What would you do if you arrived in a foreign country ready to study on an educational exchange and only to discover you had been “adopted” by a family that thought you were an orphan? (Via Melissa Harris Perry)
Supporters of changing Minnesota’s law banning same-sex marriage bring their kids along to a news conference announcing a bill to repeal that ban.
In the campaign’s SMS exchange about Anaya, the pregnant teen character who is bullied at the prom, she is no longer called a “fat loser”—now she’s just called a “loser.” Progress?
The New York Human Resource Administration’s new teen pregnancy prevention campaign takes shame as a prevention tactic to an entirely new level.
Real-life individuals in same-sex couples, or those who live with someone of a different race or generation from themselves, often face daily struggles to protect their families from legal uncertainty and publicly articulated disgust.
When we would discuss abortion—my kids and myself—I wanted us to be well prepared. But I was scared. Scared to open the door about how complicated issues pertaining to reproduction—including abortion—could be.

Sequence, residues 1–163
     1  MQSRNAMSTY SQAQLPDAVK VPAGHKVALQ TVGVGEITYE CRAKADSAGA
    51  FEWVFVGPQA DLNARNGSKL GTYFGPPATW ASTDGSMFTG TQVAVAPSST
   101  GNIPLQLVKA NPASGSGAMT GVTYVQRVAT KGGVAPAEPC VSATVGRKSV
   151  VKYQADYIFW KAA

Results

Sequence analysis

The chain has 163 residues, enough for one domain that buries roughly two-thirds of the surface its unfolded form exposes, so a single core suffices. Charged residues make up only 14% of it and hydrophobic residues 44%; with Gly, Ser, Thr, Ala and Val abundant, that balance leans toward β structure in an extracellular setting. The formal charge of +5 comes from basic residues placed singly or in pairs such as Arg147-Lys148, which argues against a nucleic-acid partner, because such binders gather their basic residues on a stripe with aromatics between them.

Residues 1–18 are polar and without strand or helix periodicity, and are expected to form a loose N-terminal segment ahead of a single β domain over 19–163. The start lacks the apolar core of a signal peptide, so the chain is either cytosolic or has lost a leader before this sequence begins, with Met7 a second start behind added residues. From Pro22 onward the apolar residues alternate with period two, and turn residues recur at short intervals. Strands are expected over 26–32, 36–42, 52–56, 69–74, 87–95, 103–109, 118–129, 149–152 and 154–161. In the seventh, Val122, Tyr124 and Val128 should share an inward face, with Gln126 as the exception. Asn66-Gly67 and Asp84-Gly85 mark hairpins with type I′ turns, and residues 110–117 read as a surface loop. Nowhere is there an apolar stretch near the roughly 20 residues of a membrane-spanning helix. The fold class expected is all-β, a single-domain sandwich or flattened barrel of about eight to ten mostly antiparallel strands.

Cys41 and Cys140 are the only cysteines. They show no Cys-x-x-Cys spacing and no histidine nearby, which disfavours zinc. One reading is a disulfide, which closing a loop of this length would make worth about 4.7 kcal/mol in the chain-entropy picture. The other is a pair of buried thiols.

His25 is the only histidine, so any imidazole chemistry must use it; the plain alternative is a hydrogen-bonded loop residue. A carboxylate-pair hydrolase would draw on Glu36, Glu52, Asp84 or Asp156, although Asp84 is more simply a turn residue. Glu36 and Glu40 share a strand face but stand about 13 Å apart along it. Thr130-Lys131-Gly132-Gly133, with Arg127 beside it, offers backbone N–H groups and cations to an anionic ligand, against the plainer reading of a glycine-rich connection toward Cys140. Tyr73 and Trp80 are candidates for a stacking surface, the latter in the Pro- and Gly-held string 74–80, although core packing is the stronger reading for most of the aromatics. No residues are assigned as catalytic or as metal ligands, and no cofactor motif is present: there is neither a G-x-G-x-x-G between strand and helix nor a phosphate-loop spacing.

The words “pro life” have been pitted against “pro choice,” as if they are opposites. In my experience it’s a false dichotomy, and while politically difficult and messy, our truths are much more complicated.
Rachel Maddow eulogizes the life and legacy of Jeanne Manford, founder of PFLAG (Parents, Family and Friends of Lesbians and Gays), who died this week.
This is one awesome parody of LMFAO’s “Sexy and I Know It.”
Rather than trying to convince people, especially women, to give birth in the socially-acceptable and medically-sanctioned 15-year window between college and age 35, why not change the way our society support families, so that whenever the moment for parenting arises, people have the support they need to do it successfully?